Cummins Plant Wins State Honor for Environmental Excellence
Global power leader Cummins Inc.'s Columbus Mid-Range Engine Plant (CMEP) has received a 2022 Indiana governor’s environmental excellence award for a project reducing volatile organic compound (VOC) emissions by eliminating the plant’s painting operation.
The change was made after an exhaustive, two-year study demonstrated the clear coating applied by the operation was providing little additional product protection.
“It was a win any way you look at it: environmentally, financially, productivity, and quality,” said Senior Industrial Engineer Clarissa Arriaga, who along with Current Product Senior Engineer Ashwini Khandelwal conducted the study that led to the change.
“In today’s world we need to do whatever we can to make our engines the cleanest technology possible,” Khandelwal added.
The award was presented Sept. 21 during the state’s 25th Annual Pollution Prevention Conference in Indianapolis. CMEP was one of six entities honored at the event, joining other businesses, a school system, and public-private partnerships receiving awards this year.
Arriaga’s and Khandelwal’s research found most parts for the company’s 6.7 liter diesel engine were either already made of corrosive-resistant materials or had some kind of treatment prior to assembly. The benefit of the clear coating was largely degraded by the time the Cummins engine was installed at the customer’s facility and then left that facility for the next stop on its journey.
Eliminating the coating operation not only significantly reduced VOC emissions, but also cut the water, soap and chemicals used to clean the engines, as well as the energy used to dry engines after they were painted.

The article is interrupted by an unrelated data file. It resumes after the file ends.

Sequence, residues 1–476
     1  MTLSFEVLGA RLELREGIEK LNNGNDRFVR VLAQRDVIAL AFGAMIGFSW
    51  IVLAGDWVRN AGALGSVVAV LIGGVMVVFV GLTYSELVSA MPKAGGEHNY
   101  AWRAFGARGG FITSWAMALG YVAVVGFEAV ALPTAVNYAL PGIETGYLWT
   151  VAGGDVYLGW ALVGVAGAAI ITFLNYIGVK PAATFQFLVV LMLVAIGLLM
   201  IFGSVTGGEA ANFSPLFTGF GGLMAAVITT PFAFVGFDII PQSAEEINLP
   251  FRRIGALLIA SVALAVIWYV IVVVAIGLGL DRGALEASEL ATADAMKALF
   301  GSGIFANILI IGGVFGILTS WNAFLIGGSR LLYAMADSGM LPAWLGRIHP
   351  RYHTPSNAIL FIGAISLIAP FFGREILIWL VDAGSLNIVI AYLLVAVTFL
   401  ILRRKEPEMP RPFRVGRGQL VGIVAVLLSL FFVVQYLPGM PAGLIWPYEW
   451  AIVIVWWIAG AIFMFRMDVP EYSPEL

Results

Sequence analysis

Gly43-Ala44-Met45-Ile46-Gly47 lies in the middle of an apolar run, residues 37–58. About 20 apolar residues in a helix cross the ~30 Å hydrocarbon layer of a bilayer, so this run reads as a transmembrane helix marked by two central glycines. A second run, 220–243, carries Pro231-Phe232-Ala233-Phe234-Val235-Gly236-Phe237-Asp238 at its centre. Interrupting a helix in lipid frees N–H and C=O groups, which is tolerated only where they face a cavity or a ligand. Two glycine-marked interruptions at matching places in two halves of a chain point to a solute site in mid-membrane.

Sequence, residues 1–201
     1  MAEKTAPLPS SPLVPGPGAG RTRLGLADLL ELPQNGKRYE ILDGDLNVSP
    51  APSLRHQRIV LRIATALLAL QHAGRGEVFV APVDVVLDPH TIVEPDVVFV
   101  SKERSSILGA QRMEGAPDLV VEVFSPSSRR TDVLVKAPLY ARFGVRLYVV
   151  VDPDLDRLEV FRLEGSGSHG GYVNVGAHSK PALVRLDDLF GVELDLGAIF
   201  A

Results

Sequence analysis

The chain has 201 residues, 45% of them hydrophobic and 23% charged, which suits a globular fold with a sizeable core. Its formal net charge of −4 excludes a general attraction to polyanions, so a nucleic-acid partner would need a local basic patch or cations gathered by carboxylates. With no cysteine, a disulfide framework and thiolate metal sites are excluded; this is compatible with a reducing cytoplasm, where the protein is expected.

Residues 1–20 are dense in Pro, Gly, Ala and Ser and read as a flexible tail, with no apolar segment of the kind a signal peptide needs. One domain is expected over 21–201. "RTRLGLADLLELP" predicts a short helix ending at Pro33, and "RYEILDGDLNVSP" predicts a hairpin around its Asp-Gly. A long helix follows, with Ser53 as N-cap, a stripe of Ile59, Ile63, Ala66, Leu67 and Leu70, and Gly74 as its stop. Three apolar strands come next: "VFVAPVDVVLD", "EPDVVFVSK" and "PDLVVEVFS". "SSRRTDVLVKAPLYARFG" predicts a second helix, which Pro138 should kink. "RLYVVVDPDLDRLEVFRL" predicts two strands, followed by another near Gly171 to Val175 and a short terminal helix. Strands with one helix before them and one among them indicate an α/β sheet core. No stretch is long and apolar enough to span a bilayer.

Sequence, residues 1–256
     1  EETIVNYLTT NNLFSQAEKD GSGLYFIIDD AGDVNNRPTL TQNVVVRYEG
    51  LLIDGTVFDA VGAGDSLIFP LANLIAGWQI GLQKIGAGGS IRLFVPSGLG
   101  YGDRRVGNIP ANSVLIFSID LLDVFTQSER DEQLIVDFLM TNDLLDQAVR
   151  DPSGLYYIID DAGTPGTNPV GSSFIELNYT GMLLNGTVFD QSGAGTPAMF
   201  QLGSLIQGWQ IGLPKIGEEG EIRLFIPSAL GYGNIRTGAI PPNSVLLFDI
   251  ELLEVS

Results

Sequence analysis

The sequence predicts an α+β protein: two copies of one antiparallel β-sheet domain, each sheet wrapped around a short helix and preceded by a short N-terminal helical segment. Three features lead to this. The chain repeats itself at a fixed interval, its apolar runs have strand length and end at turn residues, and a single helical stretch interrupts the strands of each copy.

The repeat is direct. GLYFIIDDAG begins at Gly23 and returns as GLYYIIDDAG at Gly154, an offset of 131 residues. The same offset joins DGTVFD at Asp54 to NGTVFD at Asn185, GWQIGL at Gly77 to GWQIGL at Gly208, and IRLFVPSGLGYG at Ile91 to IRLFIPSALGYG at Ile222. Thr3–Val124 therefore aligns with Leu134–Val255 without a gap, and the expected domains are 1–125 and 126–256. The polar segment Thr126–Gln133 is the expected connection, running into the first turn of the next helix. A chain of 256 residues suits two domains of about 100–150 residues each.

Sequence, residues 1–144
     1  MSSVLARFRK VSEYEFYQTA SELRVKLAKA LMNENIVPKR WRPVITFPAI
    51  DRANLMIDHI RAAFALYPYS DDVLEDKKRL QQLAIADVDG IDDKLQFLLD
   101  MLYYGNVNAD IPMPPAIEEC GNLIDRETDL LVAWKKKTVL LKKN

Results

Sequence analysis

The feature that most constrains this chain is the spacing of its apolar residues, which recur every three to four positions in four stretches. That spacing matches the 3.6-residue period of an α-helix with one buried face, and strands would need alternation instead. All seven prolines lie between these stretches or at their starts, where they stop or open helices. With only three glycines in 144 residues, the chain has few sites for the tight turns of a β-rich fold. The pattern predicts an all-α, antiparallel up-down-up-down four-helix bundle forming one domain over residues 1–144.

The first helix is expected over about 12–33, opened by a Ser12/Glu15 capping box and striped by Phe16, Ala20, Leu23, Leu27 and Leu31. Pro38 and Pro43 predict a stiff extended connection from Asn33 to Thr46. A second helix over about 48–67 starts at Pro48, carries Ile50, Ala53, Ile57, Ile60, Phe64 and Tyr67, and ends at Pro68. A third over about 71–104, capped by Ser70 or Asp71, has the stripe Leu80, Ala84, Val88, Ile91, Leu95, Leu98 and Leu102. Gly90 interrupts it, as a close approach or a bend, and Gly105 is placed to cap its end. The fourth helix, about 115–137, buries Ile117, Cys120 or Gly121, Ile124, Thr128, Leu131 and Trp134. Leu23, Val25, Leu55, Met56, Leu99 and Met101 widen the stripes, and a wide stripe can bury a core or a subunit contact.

Reducing VOC emissions is one of the 2030 goals included in PLANET 2050, Cummins’ environmental sustainability strategy. The strategy establishes the goal of reducing VOCs from paint and coating operations across the company by 50% over the next decade in addition to goals to reduce greenhouse gas emissions (GHGs), water use and waste production. Other goals include creating a lifecycle plan for every part and recycling 100% of packaging plastics.
The two engineers, as well as Plant Manager Nicole Wheeldon, all emphasize the benefits of eliminating the clear coating extend beyond the environment. There is a cost-savings with no longer painting the engines for both the company and the customer. The change also frees up valuable space in the plant for other uses and allows the employees in the painting operation to be re-assigned to other more important tasks.
The change, which went into effect in the fourth quarter of 2021, also eliminated something of a bottleneck in the plant when engines had to be cleaned, painted and dried.
Little changes, however, when end users open up the hood. They will continue to see a small vanity plate with the Cummins logo on top of the company’s powerful 6.7-liter engine.